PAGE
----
Tag: Angela Munoz I Don’t Care

New Video: Angela Muñoz Celebrates Young Love in Visuals for “In My Mind”

Over the past handful of months, I’ve written quite a bit about  The Midnight Hour, a 10 member ensemble founded and led by A Tribe Called Quest’s Ali Shaheed Muhammadand Adrian Younge, a Los Angeles-based composer, multi-instrumentalist, arranger, producer and Linear Labs founder. Now, as you may recall, the project prominently features singer/songwriter and guitarist Jack Waterson, singer/songwriter and multi-instrumentalist Loren Oden — and , singer/songwriter, multi-instrumentalist and 18 year old Los Angeles-born and-based phenom, Angela Muñoz.

The 10 member ensemble released their self-titled debut in 2018 — and the effort firmly established their sound: jazz and orchestral inspired soul and hip-hop heavily influenced by  David Axelrod, Quincy Jones, Curtis Mayfield, Barry White and Jazzmatazz-era Gang Starr. Since the release of their debut, Muhammad, Younge and the rest of the Linear Labs crew have been extremely busy: last year saw the release of Jack Waterson’s psych rock, solo debut Adrian Younge Presents Jack Waterson, and a lengthy tour that included a Brooklyn Bowl stop last September — and this year will see three releases from the collective and its members: the ensemble’s highly-anticipated sophomore album and solo efforts from Loren Oden and Angela Muñoz.

The young, Los Angeles-born and-based singer/songwriter, multi-instrumentalist and phenom has a beguiling voice and mature presence that belies her relative youth, who recalls that Guns ‘N’ Roses’ “Welcome to The Jungle” was the catalyst that sparked her desire to play music and become a star. As a girl, she learned to play guitar and piano — and with practice, she began to dominate singing competitions, leaving unexpected audiences in a trance.

Interestingly, a few years ago Muñoz’s brother Brandon introduced her to the Adrian Younge-produced Something About April. Muñoz was intrigued by the quality of the music, and as a result, she found herself thinking about how it would be interesting to create music that encompassed various perspectives — similar to how Younge does so with his analog recordings. Shortly after being introduced to Something About April, the Los Angeles-born and-based phenom serendipitously found herself working with The Midnight Hour, who recorded her song “Bitches Do Voodoo” on their full-length debut. They’ve since took Muñoz on tour, where she’s blown away audiences with her self-assured stage presence, her dexterous musicianship and her soulful vocals.

Earlier this month, I wrote about Muñoz’s neo-soul meets Quiet Storm-like debut single “I Don’t Care,” which featured her remarkably self-assured and effortlessly soulful vocals over an arrangement of twinkling keys and harp, soaring strings, a sinuous bass line, wah wah pedaled guitar and an enormous hook paired with an underlying youthful brashness. “In My Mind” the second single off full-length debut Introspection is a gorgeous and cinematic track centered around a pop standard-like arrangement featuring soaring and fluttering strings, a sinuous bass line, some expressive bursts of guitar, twinkling harp and Muñoz’s expressive vocal. Sonically, the song manages to recall George Gershwinand jazz ballads. From her first two singles, Muñoz is a certifiable star in the making.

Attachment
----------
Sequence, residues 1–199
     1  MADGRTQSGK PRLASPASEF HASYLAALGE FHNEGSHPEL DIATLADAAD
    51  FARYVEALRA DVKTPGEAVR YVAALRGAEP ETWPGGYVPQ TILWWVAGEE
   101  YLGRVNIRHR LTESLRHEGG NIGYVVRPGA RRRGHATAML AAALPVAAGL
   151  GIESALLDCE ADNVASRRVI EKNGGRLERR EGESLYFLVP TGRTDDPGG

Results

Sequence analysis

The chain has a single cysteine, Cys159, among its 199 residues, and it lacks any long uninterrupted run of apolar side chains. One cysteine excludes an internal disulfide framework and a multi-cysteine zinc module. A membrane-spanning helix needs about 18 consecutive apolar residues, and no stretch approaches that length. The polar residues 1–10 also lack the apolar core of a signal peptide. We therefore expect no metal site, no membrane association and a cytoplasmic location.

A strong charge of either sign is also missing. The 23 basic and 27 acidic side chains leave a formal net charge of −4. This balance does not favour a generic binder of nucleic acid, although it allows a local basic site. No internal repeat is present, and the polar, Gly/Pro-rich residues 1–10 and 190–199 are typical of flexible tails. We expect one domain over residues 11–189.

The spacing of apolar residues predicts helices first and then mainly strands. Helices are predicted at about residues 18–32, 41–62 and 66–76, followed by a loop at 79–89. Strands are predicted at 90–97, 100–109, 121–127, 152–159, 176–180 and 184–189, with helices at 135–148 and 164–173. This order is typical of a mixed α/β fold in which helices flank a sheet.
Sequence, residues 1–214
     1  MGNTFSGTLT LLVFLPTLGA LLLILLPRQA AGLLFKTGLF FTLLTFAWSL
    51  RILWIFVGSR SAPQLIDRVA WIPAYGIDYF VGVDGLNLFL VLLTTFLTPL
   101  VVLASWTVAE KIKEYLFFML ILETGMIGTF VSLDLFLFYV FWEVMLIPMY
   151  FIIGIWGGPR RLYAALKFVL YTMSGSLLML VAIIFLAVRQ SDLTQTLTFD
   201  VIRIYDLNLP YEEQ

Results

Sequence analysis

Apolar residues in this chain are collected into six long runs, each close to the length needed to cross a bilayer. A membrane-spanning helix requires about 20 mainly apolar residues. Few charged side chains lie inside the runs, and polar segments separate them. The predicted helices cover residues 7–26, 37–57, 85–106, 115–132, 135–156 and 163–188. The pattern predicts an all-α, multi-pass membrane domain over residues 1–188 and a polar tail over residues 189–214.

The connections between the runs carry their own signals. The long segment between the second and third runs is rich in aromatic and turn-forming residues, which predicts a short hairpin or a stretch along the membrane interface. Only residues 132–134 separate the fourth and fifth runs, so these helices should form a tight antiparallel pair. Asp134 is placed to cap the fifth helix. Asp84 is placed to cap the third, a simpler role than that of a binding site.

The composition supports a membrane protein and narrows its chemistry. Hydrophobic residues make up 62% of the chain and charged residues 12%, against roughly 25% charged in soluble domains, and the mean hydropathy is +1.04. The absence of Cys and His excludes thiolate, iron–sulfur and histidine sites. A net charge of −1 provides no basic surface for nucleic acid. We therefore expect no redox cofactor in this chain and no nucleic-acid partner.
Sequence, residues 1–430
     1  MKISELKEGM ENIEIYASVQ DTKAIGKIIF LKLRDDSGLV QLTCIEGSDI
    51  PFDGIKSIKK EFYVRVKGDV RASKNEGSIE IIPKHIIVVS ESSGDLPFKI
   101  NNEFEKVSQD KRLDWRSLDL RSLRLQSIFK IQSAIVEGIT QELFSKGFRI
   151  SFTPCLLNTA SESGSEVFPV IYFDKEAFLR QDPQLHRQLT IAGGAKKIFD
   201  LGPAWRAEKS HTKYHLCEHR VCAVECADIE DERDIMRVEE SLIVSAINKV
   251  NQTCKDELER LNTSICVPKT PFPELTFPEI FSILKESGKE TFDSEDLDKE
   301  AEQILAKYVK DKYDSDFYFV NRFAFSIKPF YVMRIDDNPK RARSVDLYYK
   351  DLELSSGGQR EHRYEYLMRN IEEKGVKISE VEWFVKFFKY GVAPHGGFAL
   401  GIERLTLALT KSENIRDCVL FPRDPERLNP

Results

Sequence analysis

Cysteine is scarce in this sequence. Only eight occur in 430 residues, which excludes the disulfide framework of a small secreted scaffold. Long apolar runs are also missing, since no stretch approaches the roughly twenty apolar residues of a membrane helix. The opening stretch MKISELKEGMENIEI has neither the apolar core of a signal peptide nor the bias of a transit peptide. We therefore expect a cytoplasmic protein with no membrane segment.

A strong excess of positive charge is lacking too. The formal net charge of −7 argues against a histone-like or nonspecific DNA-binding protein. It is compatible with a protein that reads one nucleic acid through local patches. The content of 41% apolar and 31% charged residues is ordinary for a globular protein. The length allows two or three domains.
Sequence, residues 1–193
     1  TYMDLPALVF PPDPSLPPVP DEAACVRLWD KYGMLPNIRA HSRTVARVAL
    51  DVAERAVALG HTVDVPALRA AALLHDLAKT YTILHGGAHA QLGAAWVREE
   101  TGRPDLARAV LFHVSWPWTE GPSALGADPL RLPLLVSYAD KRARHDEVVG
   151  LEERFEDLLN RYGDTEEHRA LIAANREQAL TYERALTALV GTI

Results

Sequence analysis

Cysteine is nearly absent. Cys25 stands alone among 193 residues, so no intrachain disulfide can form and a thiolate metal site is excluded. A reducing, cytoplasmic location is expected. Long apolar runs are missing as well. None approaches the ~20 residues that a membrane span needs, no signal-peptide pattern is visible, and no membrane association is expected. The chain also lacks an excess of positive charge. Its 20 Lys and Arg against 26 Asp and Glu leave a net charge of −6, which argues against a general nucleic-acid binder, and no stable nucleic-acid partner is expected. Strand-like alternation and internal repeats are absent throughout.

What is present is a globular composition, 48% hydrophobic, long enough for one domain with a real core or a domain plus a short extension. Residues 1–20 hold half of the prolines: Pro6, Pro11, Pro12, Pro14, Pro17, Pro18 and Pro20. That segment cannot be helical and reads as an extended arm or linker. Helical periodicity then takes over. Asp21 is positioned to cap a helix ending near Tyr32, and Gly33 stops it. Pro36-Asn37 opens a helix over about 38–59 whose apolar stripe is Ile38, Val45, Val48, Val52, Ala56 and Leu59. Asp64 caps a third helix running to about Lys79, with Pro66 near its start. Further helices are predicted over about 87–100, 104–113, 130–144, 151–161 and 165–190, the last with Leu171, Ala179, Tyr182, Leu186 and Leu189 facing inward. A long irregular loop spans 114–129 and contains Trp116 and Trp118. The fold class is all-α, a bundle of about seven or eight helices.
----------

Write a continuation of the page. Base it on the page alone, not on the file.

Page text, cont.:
“I wrote this song thinking about the journey of love,” Muñoz explains. “Despite my age, I have an awareness of what expressing love looks like. As I was writing this song, I wanted to challenge myself as a songwriter. This led me to imagine myself in the place of George Gershwin. If I could choose anyone to interpret this song it would be Sarah Vaughan. Ultimately, love can manifest itself in many ways.”

Directed by The Midnight Hour’s Adrian Younge and based on a story written by Angela Muñoz captures the swooning idealism and hope of young love in a way that proudly celebrates it. 

Muñoz’s full-length debut Introspection is slated for a May 19, 2020 release through Linear Labs.

Over the past handful of months, I’ve written quite a bit about  The Midnight Hour, a 10 member ensemble founded and led by A Tribe Called Quest’s Ali Shaheed Muhammad and Adrian Younge, a Los Angeles-based composer, multi-instrumentalist, arranger, producer and Linear Labs founder. Now, as you may recall, the project prominently features singer/songwriter and guitarist Jack Waterson, singer/songwriter and multi-instrumentalist Loren Oden — and , singer/songwriter, multi-instrumentalist and 18 year old Los Angeles-born and-based phenom, Angela Munoz.

The 10 member ensemble released their self-titled debut in 2018 — and the effort firmly established their sound: jazz and orchestral inspired soul and hip-hop heavily influenced by  David Axelrod, Quincy Jones, Curtis Mayfield, Barry White and Jazzmatazz-era Gang Starr. Since the release of their debut, Muhammad, Younge and the rest of the Linear Labs crew have been extremely busy: last year saw the release of Jack Waterson’s psych rock, solo debut Adrian Younge Presents Jack Waterson, and a lengthy tour that included a Brooklyn Bowl stop last September — and this year will see three releases from the collective and its members: the ensemble’s highly-anticipated sophomore album and solo efforts from Loren Oden and Angela Munoz.

The young, Los Angeles-born and-based singer/songwriter, multi-instrumentalist and phenom has a beguiling voice and mature presence that belies her relative youth, who recalls that Guns ‘N’ Roses’Welcome to The Jungle” was the catalyst that sparked her desire to play music and become a star. As a girl, she learned to play guitar and piano — and with practice, she began to dominate singing competitions, leaving unexpected audiences in a trance.